High-performance working

High-performance working

High-performance working

High-performance working was defined by Combs et al (2006) as the sum of the processes, practices and policies put in place by employers to enable employees to perform to their full potential. They referred to employee participation and flexible working arrangements as examples of such systems that have a direct impact on ways of working and therefore flow through to job design.

Sung and Ashton (2005) defined high-performance work practices as a set or ‘bundle’ of 35 complementary work practices covering three broad areas:

  • High employee involvement work practices – eg self-directed teams, quality circles and sharing/access to company information.
  • Human resource practices – eg sophisticated recruitment processes, performance appraisals, mentoring and work redesign.
  • Reward and commitment practices – eg various financial rewards, family-friendly policies, job rotation and flexible hours.

Lean manufacturing

Lean manufacturing or lean production, often known simply as ‘Lean’, is a process improvement methodology developed by Toyota in Japan. Lean focuses on reducing waste and ensuring the flow of production in order to deliver value to customers. It concentrates initially on the design of the process so that waste can be minimized during manufacture. It then examines operations in order to identify opportunities to improve the flow of production, remove wasteful practices and engage in continuous improvement. Various tools are available such as ‘FiveS’, which is a workplace methodology that uses a list of five words starting with the letter ‘S’ (sorting, straightening, systematic cleaning, standardizing and sustaining). Reference to these enables a dialogue to take place with employees on how work should be done.

But as noted by the CIPD (2008: 11), the success of Lean depends not so much on the tools but on its approach to work. Lean is implemented by communities of people who carry out and supervise the work and may include stakeholders such as customers. Lean team members are encouraged to think flexibly and be adaptable to change. They have a sense of ownership of what they do and achieve.

CASE STUDIES

Work organization: W L Gore

As described by the CIPD (2008: 25–26), W L Gore, which is best known for its GORE-TEX® fabrics, has a non-hierarchical, flat organization structure (a ‘lattice’ structure). There are no traditional organization charts, no ranks or job titles and no chains of command nor predetermined channels of communication. What is important when recruiting new people is that they have the right fit with Gore’s culture. There are no rigid job specifications. Instead, associates make a commitment to contribute individually and collectively to work areas or projects according to their skills. Individuals are encouraged to take an interest in a wide variety of job areas or projects. Provided the core responsibilities within their role are carried out, associates can then stretch and build on their role to suit their interests, aspirations and the business needs. Gore’s ‘lattice’ structure gives associates the opportunity to use their own judgement, take ownership of work areas and access the resources they need for projects to be successful. Gore’s core values and ways of working are built on the principles of ‘smart working’. Its unique culture, which fosters creativity, self-motivation, participation and equality, has proved to be a key contributor to associate satisfaction and retention.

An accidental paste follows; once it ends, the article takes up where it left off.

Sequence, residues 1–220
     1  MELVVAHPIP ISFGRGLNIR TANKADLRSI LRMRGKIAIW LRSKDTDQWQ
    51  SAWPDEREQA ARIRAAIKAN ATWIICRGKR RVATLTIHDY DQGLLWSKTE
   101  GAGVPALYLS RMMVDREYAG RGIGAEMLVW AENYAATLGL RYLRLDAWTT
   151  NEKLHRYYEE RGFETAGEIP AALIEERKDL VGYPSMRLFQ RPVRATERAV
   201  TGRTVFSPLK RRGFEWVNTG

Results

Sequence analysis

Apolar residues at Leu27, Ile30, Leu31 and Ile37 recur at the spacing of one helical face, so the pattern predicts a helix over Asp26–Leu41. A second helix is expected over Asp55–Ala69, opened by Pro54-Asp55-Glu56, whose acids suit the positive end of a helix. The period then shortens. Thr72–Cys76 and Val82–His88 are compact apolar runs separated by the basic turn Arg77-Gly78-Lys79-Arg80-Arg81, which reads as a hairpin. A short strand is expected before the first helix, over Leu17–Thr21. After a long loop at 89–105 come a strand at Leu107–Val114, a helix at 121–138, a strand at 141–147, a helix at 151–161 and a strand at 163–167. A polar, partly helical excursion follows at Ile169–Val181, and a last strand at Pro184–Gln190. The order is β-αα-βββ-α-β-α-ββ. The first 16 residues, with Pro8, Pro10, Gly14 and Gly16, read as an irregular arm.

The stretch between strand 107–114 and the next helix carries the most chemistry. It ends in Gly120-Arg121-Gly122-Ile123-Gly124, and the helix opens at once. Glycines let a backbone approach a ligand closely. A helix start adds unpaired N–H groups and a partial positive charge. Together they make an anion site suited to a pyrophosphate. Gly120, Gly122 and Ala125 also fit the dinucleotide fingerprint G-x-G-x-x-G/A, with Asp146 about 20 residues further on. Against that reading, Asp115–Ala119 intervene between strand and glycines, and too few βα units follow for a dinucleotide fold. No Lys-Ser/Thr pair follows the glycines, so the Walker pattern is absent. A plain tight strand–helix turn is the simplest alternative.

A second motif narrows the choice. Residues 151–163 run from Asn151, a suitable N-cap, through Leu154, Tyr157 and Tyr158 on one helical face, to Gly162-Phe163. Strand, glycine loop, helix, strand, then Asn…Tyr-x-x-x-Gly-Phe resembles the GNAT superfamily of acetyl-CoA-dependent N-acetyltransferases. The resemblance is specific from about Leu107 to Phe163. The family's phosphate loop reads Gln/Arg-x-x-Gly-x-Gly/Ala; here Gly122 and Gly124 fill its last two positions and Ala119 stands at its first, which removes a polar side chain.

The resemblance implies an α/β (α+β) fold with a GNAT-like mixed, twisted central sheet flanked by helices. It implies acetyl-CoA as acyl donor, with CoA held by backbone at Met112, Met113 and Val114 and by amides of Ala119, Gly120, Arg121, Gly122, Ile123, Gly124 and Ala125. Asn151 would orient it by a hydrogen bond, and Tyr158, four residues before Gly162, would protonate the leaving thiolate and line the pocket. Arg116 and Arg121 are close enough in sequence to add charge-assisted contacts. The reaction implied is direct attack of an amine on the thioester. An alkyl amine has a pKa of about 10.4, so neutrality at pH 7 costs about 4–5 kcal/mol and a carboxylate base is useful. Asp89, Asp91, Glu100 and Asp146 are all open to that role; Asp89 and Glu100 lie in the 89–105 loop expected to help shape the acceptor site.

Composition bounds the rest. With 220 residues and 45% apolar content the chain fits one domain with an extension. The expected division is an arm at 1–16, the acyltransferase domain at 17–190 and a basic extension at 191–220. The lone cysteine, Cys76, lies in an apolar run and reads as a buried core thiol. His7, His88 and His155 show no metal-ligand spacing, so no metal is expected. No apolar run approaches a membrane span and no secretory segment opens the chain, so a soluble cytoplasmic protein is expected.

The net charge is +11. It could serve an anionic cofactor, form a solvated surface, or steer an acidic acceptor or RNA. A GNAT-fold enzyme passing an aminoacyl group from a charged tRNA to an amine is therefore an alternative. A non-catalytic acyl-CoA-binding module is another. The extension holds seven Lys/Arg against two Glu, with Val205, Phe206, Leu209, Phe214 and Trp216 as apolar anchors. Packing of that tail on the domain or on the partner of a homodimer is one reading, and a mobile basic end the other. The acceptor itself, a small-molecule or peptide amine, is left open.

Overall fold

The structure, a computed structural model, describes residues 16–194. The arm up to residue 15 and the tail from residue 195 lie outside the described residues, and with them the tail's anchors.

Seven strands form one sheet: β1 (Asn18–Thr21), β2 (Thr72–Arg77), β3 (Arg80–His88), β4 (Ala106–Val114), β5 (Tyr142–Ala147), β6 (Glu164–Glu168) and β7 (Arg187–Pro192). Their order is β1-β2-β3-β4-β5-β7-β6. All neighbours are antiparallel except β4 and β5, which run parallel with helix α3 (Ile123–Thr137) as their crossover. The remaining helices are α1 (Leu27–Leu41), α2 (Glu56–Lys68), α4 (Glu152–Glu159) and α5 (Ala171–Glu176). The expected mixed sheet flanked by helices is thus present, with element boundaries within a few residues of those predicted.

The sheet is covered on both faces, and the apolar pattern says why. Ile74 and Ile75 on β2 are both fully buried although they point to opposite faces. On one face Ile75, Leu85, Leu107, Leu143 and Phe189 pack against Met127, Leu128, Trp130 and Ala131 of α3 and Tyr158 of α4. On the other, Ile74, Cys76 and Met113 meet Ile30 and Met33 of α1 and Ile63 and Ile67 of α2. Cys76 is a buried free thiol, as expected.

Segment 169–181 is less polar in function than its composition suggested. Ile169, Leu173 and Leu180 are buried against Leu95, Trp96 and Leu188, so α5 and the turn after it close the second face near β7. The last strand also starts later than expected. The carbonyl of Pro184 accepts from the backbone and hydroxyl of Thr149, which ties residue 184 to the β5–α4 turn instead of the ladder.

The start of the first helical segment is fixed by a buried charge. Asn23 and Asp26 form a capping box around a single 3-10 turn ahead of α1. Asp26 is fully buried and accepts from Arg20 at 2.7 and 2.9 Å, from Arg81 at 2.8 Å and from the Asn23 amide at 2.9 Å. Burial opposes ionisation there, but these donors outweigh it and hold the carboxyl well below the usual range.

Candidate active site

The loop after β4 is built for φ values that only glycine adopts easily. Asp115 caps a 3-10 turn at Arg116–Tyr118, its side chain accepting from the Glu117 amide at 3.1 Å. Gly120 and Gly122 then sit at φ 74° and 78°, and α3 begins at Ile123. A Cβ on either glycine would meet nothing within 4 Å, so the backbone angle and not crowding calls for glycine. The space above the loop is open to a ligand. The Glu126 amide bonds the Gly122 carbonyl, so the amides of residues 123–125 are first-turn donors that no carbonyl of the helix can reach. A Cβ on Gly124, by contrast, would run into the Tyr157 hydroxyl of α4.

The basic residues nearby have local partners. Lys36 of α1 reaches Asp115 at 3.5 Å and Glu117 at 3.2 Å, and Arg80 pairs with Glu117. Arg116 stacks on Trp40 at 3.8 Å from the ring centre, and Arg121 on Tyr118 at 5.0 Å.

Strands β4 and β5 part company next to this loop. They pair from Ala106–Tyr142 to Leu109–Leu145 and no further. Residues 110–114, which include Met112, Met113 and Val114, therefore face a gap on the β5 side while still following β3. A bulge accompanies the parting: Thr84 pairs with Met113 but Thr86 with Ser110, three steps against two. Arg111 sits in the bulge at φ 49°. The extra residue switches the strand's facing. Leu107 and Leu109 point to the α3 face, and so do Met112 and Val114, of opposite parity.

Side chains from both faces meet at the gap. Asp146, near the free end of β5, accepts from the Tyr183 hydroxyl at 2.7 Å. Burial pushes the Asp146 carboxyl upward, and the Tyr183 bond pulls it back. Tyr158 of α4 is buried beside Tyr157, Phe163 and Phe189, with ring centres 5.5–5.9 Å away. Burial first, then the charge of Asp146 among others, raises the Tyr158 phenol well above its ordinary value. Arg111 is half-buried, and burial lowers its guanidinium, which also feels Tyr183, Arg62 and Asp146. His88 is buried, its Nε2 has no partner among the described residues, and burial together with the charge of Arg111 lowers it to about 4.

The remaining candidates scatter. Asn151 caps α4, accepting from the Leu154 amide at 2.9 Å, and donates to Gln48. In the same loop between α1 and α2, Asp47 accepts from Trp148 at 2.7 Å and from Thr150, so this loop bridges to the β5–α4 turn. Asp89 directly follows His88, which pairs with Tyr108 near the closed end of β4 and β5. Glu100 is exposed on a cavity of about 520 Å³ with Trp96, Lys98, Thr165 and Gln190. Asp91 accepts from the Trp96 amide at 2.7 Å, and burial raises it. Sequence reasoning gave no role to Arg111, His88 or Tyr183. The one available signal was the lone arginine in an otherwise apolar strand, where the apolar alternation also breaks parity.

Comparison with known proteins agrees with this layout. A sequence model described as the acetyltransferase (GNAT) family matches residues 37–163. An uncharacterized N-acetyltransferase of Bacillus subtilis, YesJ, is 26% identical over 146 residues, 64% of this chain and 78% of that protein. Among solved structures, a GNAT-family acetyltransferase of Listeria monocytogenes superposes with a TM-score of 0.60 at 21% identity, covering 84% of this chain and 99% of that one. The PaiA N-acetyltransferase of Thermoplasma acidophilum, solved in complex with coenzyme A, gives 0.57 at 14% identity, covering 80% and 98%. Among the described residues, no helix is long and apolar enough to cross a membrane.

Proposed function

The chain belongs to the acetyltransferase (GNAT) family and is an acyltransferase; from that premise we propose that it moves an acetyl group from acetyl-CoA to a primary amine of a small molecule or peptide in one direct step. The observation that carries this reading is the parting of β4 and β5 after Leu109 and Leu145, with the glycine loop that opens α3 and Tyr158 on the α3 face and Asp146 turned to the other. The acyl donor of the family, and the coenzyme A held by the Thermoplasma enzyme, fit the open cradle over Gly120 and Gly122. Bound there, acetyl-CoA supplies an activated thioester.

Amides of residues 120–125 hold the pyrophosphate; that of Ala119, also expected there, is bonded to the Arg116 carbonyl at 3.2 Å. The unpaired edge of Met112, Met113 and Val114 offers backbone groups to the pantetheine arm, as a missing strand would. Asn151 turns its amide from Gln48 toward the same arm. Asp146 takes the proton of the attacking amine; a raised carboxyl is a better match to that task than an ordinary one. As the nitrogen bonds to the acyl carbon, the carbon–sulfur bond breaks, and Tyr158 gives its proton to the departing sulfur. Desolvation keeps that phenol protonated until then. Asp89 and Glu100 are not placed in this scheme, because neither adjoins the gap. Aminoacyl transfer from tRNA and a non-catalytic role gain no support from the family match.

Flexible working: B&Q

Flexible working arrangements have been extended at B&Q in association with its diversity strategy. The main components of its flexible working policy are:

  • term-time contracts available to parents and grandparents with children/grandchildren up to the age of 16 years (18 if the child is disabled);
  • job-share for employees who do not want – or are unable – to work full-time; online job-share register available to help individuals find a job-share partner;
  • staggered start/finish times, allowing for personal commitments/interests;
  • part-time hours;
  • split shifts to fit in with employees’ personal commitments;
  • dual store contracts, allowing employees to work at more than one location;
  • one employee/two roles, allowing employees to develop new and different skills, benefit from multiskilling and work in more than one area of the business;
  • home/remote working, allowing employees to work from home or away from their normal workplace on an occasional basis;
  • career breaks of 3 to 12 months can be taken for any reason;
  • child care vouchers available across the organization;
  • maternity, paternity and adoption policies enhanced above the statutory minimum;
  • shared maternity/paternity leave; unpaid additional leave can be taken by father/partner where both parents work for B&Q and mother returns to work;
  • IVF leave: one week paid time off for IVF treatment;
  • paid compassionate or carer’s leave: one week off per year.

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